It’s August, Joe Biden is going for the casual look, and the latest jobs report hit all the right notes. I spoke with senior writer Eric Levitz about what appears to be a piece of unambiguously good news, the state of inflation and labor shortages, and to what extent the pandemic still threatens the economy.
Ben: Friday’s jobs report was encouraging in almost every sense of the word. There were strong hiring numbers in most industries, for a total of 943,000 jobs added in July. The unemployment rate ticked down significantly, to 5.4 percent. (Still more than a point higher than pre-pandemic.) It’s never smart to make too much out of one month’s data, but this comes amid generally strong economic indicators elsewhere. What is your first-blush impression of this report and how it fits in with the overall economic picture in America?
Eric: My first impression is that the recovery is much stronger than we realized (or at least, was much stronger before Delta really took off.) The report didn’t just show that the economy added more jobs in July than had been expected; it also revised June’s number upward. As the Times’ Neil Irwin notes, yesterday, the consensus estimate of the average monthly job gain across May, June, and July was 567,000. That number is now 832,000.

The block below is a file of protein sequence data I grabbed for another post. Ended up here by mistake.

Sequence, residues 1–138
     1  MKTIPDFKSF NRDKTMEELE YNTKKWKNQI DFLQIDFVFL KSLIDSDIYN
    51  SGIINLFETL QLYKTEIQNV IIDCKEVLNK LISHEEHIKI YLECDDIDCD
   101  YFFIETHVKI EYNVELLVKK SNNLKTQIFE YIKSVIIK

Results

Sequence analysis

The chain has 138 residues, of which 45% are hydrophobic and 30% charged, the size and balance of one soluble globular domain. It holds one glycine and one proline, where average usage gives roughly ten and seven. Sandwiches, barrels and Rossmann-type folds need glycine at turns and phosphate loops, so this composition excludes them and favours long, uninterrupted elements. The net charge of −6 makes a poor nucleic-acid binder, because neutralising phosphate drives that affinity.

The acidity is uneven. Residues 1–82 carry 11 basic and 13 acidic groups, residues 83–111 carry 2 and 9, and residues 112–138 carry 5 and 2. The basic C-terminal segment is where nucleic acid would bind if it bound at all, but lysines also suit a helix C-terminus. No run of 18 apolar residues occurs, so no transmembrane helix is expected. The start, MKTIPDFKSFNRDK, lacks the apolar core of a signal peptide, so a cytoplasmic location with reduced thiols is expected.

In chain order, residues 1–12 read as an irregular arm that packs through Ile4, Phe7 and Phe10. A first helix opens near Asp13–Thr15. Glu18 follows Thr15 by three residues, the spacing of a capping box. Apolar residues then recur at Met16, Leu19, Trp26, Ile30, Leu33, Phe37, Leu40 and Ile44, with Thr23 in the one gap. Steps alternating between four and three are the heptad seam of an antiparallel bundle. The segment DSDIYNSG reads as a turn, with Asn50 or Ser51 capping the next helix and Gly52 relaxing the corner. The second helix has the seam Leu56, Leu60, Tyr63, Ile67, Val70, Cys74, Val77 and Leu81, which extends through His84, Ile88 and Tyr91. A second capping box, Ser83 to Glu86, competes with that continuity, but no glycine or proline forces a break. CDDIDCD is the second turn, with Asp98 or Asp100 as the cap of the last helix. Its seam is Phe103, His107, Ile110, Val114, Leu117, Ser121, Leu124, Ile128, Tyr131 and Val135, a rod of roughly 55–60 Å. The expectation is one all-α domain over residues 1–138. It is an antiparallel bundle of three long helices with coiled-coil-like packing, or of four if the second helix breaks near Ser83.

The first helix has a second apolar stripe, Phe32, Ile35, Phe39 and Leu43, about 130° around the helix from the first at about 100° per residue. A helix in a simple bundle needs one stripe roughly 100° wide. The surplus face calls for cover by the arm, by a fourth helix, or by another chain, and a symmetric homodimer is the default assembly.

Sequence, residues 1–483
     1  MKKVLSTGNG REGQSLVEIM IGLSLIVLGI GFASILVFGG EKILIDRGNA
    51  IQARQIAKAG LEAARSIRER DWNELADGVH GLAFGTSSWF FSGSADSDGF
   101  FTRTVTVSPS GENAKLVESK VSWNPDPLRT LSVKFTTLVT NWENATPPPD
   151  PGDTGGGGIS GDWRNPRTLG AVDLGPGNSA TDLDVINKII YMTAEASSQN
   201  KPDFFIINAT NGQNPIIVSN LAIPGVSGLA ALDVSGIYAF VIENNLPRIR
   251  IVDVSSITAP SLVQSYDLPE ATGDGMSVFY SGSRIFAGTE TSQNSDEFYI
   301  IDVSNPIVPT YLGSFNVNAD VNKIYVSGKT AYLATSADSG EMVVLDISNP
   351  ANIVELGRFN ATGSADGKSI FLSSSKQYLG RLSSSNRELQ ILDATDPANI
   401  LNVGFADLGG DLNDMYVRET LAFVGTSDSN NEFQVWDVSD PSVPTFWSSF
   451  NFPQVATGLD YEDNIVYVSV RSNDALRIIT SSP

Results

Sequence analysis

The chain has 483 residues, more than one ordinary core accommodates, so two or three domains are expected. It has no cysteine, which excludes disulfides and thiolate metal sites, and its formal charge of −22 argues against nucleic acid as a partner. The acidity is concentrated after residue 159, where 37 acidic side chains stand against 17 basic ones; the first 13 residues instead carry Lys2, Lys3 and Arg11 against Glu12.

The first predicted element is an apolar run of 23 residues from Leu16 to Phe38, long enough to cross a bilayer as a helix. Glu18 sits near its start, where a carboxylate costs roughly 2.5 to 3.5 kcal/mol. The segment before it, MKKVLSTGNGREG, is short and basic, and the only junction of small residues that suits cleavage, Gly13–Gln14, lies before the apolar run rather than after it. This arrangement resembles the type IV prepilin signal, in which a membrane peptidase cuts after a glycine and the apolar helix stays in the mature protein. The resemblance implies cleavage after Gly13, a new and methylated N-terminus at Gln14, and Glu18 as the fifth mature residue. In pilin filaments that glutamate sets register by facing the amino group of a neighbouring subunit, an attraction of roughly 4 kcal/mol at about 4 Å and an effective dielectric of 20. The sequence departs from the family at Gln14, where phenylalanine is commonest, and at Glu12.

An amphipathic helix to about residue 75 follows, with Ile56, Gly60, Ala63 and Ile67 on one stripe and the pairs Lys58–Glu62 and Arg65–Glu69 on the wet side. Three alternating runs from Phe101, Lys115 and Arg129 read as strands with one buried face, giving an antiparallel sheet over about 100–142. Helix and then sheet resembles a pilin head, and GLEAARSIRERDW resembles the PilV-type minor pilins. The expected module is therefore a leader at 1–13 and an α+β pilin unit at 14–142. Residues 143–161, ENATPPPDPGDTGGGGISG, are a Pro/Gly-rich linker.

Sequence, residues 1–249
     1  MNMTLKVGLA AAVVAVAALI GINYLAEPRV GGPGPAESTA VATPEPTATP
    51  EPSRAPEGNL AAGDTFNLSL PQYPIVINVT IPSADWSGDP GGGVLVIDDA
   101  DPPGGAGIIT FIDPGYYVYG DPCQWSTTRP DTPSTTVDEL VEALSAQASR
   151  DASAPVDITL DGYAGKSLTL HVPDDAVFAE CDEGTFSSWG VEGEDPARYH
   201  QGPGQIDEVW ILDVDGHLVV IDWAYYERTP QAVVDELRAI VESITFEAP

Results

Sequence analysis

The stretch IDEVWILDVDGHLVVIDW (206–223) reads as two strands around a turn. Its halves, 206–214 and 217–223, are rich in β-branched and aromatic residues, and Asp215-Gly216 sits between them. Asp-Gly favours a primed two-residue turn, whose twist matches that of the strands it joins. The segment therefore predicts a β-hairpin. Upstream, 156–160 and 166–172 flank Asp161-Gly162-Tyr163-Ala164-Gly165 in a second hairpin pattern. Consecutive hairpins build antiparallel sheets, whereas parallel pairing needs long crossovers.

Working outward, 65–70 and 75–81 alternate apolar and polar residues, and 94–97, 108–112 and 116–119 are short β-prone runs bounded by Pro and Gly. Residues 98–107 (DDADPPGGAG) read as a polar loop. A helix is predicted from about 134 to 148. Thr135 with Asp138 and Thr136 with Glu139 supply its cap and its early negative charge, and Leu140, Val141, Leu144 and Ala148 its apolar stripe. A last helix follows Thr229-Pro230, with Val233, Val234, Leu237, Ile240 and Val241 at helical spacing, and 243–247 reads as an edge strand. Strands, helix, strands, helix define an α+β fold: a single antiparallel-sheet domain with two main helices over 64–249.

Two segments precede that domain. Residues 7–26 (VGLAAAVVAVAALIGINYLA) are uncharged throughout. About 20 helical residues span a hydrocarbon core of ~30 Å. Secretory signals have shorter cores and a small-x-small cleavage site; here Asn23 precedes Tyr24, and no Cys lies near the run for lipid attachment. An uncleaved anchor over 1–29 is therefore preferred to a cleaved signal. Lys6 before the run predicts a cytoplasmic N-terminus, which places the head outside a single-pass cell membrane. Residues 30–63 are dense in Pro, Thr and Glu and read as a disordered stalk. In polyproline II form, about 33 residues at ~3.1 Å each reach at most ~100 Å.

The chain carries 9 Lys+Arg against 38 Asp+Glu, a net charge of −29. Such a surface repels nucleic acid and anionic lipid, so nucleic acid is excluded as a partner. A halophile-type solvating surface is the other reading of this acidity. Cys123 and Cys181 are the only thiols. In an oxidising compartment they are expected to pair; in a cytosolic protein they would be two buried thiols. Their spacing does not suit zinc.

What’s more, the drop in the unemployment rate is especially impressive because the pool of job-seekers also expanded. The headline unemployment rate tells us the percentage of Americans who are actively looking for work but can’t find any. For that reason, when a lot of Americans who were formerly not seeking employment (whether out of discouragement at their job prospects, or because of pandemic-related child-care responsibilities, etc.) start looking for jobs, the unemployment rate will often rise. But in July, employment opportunities were so abundant, we saw both one of the largest monthly increases in labor-force participation in decades and a decline in the unemployment rate.
Ben: Two side effects of this unusual kind of economic recovery have been inflation: Many goods and services are costing more than Americans are used to; and, from an employer perspective, labor shortages make it difficult to fill all the job openings that do exist, for a multitude of reasons. Do you see any sign that either of these problems (if you want to call them that) are lessening?